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I Made It

by Kayla DeCoursey 13 days ago in diy

A creator's journey

Ever heard of the hero’s journey? It’s a term for the popular storyline or pattern that has been used in innumerable writings since human beings first felt the desire to preserve stories by the written word. It details the journey of an underdog into the person they are destined to become. There is a similar pattern or arc for a creative project. We can name it “the creative journey.” Like the stages of grief, some stages may meld together; you may double back to a certain stage. The transitions are fluid and changing, but in any creative project, you will touch upon them all in one moment or another. Whether large or small, every creative project has a journey, and this is mine.

“I’m going to sew my own wedding dress.” Hardly surprising if you know me. I teach sewing in a junior high, after all. (That is a journey of itself, but for another day). The fact that I am going to design it and sew it all myself in a matter of less than 3 months? Also not surprising if you know me. In my creative journey, this is the first stage. It may manifest differently in each person. For myself, it is marked by an overabundance of confidence in my own abilities.

Any person who may try to dissuade me or point out even the most logical of counterarguments will serve as fuel that I, and I alone, will accomplish the task, or die. I can do anything, I tell myself. I will do whatever it takes. I have considered all of the pros, rejected all of the cons and am ready to take on the world, er…my project. The fire burns in me and I imagine in the end being able to tell someone that I did this. I created it. The search for this kind of validation serves as a motivator. It will be incredible, and everyone will know it.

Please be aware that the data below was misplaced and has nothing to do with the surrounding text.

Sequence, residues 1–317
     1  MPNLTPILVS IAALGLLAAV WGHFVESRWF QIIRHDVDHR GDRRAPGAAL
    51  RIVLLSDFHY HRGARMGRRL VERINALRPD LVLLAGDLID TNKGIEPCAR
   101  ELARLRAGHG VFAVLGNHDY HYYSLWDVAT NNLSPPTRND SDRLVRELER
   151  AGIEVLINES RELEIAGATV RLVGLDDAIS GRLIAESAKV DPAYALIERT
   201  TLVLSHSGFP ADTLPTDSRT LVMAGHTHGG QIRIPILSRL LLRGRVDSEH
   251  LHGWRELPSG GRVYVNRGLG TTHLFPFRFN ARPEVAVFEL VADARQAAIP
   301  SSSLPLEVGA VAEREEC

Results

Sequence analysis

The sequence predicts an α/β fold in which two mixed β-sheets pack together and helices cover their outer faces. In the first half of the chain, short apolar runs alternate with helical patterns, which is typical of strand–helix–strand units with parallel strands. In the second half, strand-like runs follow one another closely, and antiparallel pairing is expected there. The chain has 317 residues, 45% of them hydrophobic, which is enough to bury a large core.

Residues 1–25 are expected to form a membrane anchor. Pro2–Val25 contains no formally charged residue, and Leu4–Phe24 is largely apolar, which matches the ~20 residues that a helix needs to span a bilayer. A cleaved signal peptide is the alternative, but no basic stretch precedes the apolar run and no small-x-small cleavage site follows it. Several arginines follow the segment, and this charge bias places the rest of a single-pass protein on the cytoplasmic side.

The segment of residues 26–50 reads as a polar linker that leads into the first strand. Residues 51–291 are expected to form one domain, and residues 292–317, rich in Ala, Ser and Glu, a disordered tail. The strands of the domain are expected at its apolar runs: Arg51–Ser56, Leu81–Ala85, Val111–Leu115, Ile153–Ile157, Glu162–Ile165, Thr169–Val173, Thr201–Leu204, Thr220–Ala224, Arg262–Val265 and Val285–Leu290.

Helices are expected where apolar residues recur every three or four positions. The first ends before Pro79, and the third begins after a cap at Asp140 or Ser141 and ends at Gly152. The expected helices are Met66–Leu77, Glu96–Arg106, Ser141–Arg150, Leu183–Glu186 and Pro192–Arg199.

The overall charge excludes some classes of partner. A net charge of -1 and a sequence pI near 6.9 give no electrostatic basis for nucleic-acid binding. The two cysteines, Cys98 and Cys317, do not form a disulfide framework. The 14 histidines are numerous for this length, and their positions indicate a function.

Phase two: design and planning. In my specific case, it involved trying on wedding dresses. I wanted the authentic experience, so I did not tell the stores that I was planning on making my own, which resulted in a few awkward “hm, I’ll let you know…” moments. This step was vital in my journey because it gave me a base from which to jump into the creative realm. The stage may be identified by sketches, comparisons, timelines, etc. Something a little more serious creeps in as you weigh the pros and cons and all the work comes into clearer focus, but still the general feeling of invincibility remains.

Then comes the work before the fun work. Athletes will practice for hundreds of hours for each one they spend in game time. Musicians will play a thousand repetitions for a single performance. In any endeavor, there is generally much more prep and an incredible amount of work that goes into making something appear effortless. Stage three is the "practice before the game" so to speak. The muslin that is cut and adjusted and pinned and adjusted and cut and stitched and adjusted. The base and the under garment and the shape and form and silhouette that all contribute to the final project, but none or few of which will ever see the light of day, much less be appreciated by the outside eye. Necessary “evils.” No fear, the project is materializing and the flame of wanting to create still burns, if a little less brightly.